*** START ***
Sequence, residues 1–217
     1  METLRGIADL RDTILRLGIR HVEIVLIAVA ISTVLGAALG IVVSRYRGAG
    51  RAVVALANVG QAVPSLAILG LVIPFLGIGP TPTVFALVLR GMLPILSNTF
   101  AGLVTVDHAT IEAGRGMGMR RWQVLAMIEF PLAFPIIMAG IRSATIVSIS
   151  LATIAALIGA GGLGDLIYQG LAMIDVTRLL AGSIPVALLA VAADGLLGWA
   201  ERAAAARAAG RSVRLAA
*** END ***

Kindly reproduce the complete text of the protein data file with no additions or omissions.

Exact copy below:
Sequence, residues 1–217
     1  METLRGIADL RDTILRLGIR HVEIVLIAVA ISTVLGAALG IVVSRYRGAG
    51  RAVVALANVG QAVPSLAILG LVIPFLGIGP TPTVFALVLR GMLPILSNTF
   101  AGLVTVDHAT IEAGRGMGMR RWQVLAMIEF PLAFPIIMAG IRSATIVSIS
   151  LATIAALIGA GGLGDLIYQG LAMIDVTRLL AGSIPVALLA VAADGLLGWA
   201  ERAAAARAAG RSVRLAA